So You Think You Can Rebuild A Team: The Gilbert Arenas Version | Wizards Blog Truth About

So You Think You Can Rebuild A Team: The Gilbert Arenas Version

Updated: February 5, 2011

I wouldn’t exactly go entrusting Gilbert Arenas to head a franchise rebuilding project any time soon. Although, the whole gun thing certainly did have a part in expediting the Wizards’ current rebuilding efforts, so kudos to that.

On the other hand, Arenas is no dummy. Someone who is as quotable and clever-witted as he is, one who has played games with the media in the past, is certainly smart enough to have that brain power translate when it comes to basketball insight as a 10-year NBA veteran (just not always when it comes to where to draw the line with pranks).

Amongst saying this and that after his return to D.C. on Friday night, Arenas had some interesting thoughts on rebuilding and how the Wizards should treat John Wall:

“Just from being a fan of the NBA, I don’t believe in rebuilding teams through drafts. It doesn’t work. Because eventually those guys got to get old at some point. And if they all become successful, eventually you have to pay them … when you can’t afford them. That’s what happened with the Blazers. I mean, you can name every team. They’ll have one, two years of success and then eventually those players … can’t afford them anymore. Oklahoma, you got [Jeff] Green coming up … what are you going to do with him? Then after him you got [Russell] Westbrook, and then the rest of the young guys.

If I’m running the team, I’m looking at Wall and I’m going to put veteran players around him. That’s how you build him. You can’t have him out there playing, learning bad basketball. I mean, you know, it’s just like putting a young player in the D-League. You’re going out there, just throwing up shots and learning bad habits. Just like when [Rajon] Rondo, his second year, he got put with those All-Stars, he learned playing winning basketball and I think that’s what they need to do. Derrick Rose, same thing … eventually put veterans around him so he can learn faster. You keep young players the same age, they all learn bad habits. None of them learn how to win.”

I’m not going to get into dissecting Arenas’ strategy too much (me thinks Sam Presti and the Oklahoma Thunder will be alright, but nothing is certain). I think you do carefully build through the draft; Ted Leonsis would certainly give Arenas some stats and talking points otherwise.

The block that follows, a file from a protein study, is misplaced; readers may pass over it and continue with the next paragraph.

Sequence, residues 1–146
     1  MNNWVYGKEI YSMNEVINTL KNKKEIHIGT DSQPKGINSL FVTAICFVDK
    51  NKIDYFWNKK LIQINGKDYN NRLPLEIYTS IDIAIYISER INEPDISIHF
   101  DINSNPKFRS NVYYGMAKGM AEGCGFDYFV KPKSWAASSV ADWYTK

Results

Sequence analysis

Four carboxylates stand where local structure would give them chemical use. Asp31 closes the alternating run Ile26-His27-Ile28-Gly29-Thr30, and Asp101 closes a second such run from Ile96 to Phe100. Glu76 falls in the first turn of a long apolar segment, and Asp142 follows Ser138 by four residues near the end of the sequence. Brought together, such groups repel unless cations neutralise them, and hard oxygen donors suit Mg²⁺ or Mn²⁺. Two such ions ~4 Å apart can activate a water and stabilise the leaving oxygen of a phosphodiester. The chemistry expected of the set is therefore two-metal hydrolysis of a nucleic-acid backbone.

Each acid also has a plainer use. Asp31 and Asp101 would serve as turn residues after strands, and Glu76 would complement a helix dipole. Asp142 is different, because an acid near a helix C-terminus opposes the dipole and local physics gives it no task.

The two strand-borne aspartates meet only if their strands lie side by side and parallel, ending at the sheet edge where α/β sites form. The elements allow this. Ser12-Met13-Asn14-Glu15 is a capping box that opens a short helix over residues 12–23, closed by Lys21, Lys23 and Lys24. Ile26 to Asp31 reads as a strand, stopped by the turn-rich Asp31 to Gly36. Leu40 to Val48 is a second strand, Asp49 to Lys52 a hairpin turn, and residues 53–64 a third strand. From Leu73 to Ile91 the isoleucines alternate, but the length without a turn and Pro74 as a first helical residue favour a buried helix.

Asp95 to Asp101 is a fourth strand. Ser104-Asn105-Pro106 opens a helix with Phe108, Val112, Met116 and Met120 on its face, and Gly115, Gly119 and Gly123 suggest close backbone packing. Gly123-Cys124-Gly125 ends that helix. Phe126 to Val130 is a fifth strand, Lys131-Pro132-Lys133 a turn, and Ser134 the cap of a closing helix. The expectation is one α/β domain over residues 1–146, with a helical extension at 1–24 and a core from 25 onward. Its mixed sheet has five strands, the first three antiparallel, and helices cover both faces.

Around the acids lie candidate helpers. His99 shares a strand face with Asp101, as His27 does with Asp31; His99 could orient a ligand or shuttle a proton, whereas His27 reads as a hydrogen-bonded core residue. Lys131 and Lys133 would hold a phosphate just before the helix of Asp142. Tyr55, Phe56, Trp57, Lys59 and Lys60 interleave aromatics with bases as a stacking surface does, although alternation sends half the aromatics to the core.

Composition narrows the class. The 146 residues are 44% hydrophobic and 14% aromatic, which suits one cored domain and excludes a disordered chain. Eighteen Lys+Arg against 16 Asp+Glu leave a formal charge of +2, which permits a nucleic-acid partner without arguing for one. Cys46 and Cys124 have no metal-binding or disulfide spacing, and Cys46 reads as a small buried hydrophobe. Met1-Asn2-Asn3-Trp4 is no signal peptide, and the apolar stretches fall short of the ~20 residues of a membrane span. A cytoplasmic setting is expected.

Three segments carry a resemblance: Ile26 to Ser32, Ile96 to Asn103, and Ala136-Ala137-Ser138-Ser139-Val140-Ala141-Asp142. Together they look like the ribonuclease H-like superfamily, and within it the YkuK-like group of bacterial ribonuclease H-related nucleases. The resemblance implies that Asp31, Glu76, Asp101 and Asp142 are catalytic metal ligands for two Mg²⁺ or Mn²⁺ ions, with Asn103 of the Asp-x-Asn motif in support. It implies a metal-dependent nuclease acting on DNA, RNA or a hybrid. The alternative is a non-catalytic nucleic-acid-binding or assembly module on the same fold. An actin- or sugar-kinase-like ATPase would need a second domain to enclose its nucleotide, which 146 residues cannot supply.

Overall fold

However, Arenas is right about the presence of veterans being key to the development of young players such as John Wall. The Wizards are doing okay with Rashard Lewis and Kirk Hinrich as veterans, but they’re not particularly strong forces, and their efforts are further dampened by the play of others dragging the team down as a whole. This is issue number one for the Washington Wizards, in that their middle core of young players lacks basketball intelligence.

It’s time for Flip Saunders to stop babying some through persistent poor focus and decision-making. Effort is sometimes greater than experience, which makes one wonder about the protectionism around the starting positions of certain players.

The Wizards’ plan for rebuilding has been set forth, it’s just hard to evaluate where exactly the team is in the process because they’re so mentally bogged down on the court. Something tells me, however, that the team should be glad Arenas is not in charge of the rebuild. His ‘you don’t rebuild through the draft’ sentiment is reminiscent of many of Isiah Thomas’ decisions.

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Kyle Weidie
Founder / Editor / Reporter / Writer at TAI
Kyle founded TAI in 2007 and has been weaving in and out the world of Wizards ever since, ducking WittmanFaces, jumping over G-Wiz, and avoiding stints on the DNP-Conditioning list. He has covered the Washington pro basketball team as a member of the media since 2009. Kyle currently lives in Brooklyn, NY with his wife, loves basketball, and has no pets.